''Don't spend life going forward in reverse, just glimpse the rear view mirror now and again then, focus on what lays ahead''.
(Tony. ASM 3rd July 2013)


dennis

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Reply #5 on: June 03, 2011, 11:13:49 PM
If you want to try mixing colors with oil pastels then you will have to use turps to start the dissolving process to get them to "blend" easier. Not as easy as proper oil paints.

I have done paintings in oil pastels and sold - but I am not mad about them at all ???
You are what you THINK about - Napoleon Hill


Tony (ASM)

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Reply #6 on: June 04, 2011, 07:49:07 AM
If you want to try mixing colors with oil pastels then you will have to use turps to start the dissolving process to get them to "blend" easier. Not as easy as proper oil paints.

I have done paintings in oil pastels and sold - but I am not mad about them at all ???

Thank you Dennis! You have just saved me a great deal of time and money! I would have probably found out the hard way and ended up with another bunch of wasted media.
Have you worked with ordinary pastels? Do they blend well to produce secondary and tertiary colours?
I'm fishing for experiences and trying to save time from others peoples wisdom. I just wanted to find out if there is a faster, cleaner, safer way to practice mixing colours rather than using oils. Looks like oils are best though. I shall be onto them soon.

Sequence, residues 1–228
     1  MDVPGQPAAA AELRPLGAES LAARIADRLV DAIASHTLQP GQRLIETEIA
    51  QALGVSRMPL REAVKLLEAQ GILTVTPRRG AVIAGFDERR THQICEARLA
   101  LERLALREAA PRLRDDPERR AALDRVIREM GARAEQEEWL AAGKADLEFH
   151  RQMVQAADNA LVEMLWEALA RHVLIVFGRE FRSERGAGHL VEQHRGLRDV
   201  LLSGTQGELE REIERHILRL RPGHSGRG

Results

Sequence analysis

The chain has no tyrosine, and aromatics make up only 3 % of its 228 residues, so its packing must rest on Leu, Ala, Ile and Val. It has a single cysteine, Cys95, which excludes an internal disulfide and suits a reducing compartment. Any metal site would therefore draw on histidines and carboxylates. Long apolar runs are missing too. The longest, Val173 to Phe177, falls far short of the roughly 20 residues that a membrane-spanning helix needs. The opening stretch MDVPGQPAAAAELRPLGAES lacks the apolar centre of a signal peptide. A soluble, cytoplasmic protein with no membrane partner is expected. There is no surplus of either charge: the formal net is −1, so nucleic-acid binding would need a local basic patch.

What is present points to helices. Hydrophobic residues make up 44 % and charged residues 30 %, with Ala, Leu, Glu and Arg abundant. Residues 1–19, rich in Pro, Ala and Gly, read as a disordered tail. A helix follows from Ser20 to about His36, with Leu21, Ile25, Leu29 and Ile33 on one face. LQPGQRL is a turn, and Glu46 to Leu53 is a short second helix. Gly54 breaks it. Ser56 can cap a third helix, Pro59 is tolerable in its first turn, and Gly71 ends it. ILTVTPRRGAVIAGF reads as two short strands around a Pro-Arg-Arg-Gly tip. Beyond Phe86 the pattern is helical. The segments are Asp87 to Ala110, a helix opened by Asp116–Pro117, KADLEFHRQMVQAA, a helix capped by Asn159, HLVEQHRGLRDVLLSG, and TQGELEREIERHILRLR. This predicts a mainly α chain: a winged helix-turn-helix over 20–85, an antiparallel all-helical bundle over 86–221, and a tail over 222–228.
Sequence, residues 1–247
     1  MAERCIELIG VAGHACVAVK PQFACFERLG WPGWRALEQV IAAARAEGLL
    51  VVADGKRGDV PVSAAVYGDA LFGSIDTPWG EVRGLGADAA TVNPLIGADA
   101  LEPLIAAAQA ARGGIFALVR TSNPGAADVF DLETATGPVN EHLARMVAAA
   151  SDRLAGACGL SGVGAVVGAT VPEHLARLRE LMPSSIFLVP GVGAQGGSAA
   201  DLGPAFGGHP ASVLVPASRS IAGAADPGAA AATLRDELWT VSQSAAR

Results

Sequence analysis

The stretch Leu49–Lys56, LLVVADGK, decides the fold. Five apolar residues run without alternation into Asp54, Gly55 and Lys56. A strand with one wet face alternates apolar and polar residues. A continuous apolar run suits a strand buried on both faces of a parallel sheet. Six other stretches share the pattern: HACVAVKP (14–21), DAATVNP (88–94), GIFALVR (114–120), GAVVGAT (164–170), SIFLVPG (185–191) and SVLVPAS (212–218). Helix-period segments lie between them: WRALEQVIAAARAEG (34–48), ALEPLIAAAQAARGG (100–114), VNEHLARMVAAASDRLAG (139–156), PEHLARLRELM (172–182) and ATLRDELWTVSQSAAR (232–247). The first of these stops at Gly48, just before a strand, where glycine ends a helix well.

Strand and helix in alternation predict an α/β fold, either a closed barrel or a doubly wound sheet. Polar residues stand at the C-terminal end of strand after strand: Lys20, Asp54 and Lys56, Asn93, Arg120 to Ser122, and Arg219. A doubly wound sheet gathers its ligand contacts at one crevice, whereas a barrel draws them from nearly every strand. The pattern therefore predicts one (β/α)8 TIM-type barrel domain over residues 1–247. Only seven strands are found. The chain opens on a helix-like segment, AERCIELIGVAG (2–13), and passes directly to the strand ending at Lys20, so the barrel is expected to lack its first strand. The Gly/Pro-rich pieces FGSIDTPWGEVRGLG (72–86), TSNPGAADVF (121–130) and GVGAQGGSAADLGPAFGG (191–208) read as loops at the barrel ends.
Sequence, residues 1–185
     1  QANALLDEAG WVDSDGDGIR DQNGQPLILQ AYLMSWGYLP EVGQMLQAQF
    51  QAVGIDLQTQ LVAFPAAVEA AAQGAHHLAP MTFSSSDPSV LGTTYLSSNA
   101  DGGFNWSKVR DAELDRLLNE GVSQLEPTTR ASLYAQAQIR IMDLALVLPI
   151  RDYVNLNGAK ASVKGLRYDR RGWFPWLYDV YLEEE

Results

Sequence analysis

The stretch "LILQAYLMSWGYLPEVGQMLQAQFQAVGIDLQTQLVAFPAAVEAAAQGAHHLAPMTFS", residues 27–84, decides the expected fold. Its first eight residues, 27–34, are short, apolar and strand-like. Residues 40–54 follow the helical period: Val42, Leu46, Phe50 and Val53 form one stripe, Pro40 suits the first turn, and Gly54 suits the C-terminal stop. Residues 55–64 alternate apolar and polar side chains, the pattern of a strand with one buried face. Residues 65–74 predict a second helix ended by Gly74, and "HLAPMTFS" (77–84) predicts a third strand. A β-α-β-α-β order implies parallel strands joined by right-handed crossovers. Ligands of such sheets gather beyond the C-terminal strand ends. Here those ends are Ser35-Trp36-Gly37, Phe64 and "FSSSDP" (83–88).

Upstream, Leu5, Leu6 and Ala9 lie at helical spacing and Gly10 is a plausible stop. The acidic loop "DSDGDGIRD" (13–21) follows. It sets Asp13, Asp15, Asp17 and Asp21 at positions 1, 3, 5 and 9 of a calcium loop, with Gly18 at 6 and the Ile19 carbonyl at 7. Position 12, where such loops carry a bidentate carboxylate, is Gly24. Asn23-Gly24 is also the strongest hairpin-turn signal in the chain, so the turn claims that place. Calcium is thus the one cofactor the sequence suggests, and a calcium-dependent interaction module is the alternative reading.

Thank you again.
Tony  ;)
''Don't spend life going forward in reverse, just glimpse the rear view mirror now and again then, focus on what lays ahead''.
(Tony. ASM 3rd July 2013)


dennis

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Reply #7 on: June 04, 2011, 08:56:18 AM
I paint in soft pastels but the mixing of colors is very different. Cannot do straight mixing. Pastels are made in a large range of tints in a particular color and then you have to "blend" rather than mix.
You are what you THINK about - Napoleon Hill


Tony (ASM)

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Reply #8 on: June 04, 2011, 09:48:43 AM
Thank you Dennis.
I'm gonna give the pastels a miss and head straight back to the oils as Nolan advized. I do have an inquisitive question on whether Plasticine might be a good product to use for blending. What do ya reckon to giving that a try?
Thank you again.
Tony  :) 
''Don't spend life going forward in reverse, just glimpse the rear view mirror now and again then, focus on what lays ahead''.
(Tony. ASM 3rd July 2013)


nolan